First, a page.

The threat posed by the Islamic State is still far from over as the five-month firefight between government forces and armed non-state actors or “militants” in Marawi City has supposedly come to an end. According to a November 2017 report by the Amnesty International, the conflict resulted to unlawful killings and hostage-taking by militants, ill-treatment by government forces, trapped civilians, looting by all parties involved, and large scale destruction following air and ground attacks.
Scale of the conflict
The Department of National Defense (DND) released estimates that over 920 militants, 165 soldiers, and 47 civilians were killed during the battle, while around 1,780 hostages were rescued. The Amnesty International, together with human rights organizations and journalists, however, indicate that the total number of civilians killed by militants and government air strikes is likely understated. Meanwhile, the reconstruction of the city may take over three years and cost more than a billion dollars, according to the city mayor and DND secretary, respectively.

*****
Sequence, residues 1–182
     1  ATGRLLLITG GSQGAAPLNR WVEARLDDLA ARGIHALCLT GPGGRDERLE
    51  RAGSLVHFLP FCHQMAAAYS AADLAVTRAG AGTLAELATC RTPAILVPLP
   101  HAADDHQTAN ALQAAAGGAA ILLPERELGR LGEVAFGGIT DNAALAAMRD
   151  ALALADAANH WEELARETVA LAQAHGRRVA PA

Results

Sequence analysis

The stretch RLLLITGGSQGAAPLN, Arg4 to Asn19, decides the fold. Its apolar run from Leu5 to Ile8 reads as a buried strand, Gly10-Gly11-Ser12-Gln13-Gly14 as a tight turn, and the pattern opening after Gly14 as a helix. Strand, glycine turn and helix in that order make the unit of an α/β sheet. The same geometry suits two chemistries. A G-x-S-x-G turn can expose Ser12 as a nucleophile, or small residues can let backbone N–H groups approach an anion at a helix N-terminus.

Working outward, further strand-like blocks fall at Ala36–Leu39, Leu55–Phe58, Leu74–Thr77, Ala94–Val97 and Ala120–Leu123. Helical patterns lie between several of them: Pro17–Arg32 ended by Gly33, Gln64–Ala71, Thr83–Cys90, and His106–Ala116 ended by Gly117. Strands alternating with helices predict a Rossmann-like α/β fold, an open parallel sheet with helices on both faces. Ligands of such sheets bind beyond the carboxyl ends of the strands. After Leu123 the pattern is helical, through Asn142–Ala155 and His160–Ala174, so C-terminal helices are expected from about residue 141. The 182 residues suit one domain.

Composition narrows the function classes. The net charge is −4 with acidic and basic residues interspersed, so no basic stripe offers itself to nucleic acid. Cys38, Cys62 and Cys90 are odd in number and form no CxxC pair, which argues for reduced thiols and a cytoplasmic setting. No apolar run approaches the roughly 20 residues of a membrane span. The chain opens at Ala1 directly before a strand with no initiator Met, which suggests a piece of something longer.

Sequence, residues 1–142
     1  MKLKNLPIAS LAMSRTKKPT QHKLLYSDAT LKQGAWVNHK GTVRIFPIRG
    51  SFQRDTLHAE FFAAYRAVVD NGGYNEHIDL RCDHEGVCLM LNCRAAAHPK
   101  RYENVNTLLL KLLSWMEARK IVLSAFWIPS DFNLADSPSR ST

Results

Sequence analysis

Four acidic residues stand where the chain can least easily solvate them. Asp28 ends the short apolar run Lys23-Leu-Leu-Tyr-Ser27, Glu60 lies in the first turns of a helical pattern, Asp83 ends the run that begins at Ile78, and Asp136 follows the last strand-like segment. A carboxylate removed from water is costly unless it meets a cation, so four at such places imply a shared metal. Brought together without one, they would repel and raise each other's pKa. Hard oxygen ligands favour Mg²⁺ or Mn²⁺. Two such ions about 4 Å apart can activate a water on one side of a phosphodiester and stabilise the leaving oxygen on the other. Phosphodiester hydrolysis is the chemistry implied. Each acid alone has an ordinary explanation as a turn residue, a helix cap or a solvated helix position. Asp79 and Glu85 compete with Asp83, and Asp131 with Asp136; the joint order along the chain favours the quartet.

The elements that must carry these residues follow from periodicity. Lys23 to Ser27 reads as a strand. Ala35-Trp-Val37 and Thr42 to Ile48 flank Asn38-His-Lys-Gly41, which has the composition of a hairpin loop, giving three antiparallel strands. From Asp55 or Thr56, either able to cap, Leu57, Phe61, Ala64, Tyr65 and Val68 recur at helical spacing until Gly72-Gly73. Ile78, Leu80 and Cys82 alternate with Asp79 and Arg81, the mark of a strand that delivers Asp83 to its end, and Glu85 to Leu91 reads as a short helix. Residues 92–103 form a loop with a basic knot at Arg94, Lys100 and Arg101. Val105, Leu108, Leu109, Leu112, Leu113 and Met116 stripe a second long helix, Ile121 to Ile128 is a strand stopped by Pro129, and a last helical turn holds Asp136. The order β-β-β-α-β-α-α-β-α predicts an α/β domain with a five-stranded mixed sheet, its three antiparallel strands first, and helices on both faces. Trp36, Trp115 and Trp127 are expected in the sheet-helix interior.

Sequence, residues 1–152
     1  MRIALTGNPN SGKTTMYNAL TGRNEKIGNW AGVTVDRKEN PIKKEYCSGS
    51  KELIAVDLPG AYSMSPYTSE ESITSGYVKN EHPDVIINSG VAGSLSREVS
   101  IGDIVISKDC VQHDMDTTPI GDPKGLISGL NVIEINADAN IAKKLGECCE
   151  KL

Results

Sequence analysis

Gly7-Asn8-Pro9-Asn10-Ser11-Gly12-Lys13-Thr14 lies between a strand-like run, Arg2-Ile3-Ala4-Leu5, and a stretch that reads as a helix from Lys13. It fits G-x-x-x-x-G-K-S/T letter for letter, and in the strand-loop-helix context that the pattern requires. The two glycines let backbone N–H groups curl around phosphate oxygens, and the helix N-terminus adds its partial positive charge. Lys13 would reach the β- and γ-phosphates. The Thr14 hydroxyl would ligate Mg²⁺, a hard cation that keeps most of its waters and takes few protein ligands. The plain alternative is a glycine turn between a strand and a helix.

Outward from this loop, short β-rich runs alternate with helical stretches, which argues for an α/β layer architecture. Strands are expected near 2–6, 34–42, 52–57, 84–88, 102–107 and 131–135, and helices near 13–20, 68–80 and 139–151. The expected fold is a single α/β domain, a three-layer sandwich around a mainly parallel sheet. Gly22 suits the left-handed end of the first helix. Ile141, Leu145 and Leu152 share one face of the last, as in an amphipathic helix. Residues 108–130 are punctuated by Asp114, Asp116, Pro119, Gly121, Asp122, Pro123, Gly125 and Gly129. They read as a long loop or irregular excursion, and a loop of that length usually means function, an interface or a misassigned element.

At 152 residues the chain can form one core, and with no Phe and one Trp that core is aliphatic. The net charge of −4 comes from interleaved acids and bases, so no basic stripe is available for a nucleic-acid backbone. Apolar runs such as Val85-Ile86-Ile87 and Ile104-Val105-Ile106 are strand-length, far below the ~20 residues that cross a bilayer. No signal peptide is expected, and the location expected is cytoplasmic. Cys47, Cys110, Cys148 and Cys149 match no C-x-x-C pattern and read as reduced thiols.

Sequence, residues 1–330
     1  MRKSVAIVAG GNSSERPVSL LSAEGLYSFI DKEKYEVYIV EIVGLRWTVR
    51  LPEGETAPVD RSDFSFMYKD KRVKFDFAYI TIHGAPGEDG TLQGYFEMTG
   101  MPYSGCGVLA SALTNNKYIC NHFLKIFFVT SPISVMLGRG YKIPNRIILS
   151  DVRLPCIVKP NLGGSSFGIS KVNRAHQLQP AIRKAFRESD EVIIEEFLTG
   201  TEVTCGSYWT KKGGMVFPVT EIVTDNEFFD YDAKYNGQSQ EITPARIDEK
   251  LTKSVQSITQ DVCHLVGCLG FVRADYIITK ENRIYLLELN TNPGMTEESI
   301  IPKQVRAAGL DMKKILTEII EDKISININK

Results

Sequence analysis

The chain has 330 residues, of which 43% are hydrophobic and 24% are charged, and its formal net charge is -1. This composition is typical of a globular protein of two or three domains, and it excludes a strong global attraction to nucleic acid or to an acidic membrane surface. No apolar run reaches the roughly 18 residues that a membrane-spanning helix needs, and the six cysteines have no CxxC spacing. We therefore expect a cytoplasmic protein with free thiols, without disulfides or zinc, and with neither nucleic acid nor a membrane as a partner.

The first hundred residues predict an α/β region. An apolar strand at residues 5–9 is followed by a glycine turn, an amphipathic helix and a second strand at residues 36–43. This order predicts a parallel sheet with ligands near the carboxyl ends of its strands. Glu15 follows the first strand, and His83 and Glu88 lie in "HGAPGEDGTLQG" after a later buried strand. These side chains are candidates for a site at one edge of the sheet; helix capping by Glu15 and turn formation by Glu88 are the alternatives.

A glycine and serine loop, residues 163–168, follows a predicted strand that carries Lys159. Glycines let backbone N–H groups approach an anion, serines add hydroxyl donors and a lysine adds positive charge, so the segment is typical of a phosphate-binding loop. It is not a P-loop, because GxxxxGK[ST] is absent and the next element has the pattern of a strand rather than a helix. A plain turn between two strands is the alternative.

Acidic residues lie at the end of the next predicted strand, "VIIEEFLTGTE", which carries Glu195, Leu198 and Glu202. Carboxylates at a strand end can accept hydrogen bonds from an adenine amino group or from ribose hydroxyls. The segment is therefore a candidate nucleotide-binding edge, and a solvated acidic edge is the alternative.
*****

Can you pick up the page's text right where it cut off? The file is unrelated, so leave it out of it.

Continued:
A report by the Task Force Bangon Marawi (TFBM) of the Office of Civil Defense (OCD) indicates that the conflict has affected over 96 barangays, 207,970 individuals, and 32,577 households. Further potential impacts of the battle towards neighboring towns were eventually contained as Philippine government forces were able to shrink the war zone by enclosing three bridges: Baloi Bridge, Bayabao Bridge, and Masiu Bridge.
Meanwhile, several countries and foreign agencies have pledged rehabilitation aid for Marawi City, but the OCD stresses that foreign aid will still have to be assessed by the TFBM. This aid will tentatively come from Canada, China, Germany, Korea, India, Thailand, Singapore, United States Agency for International Development, and the ASEAN Coordinating Center for Humanitarian Assistance on Management, among others. They will focus on the early recovery and rehabilitation in Marawi City and other affected areas.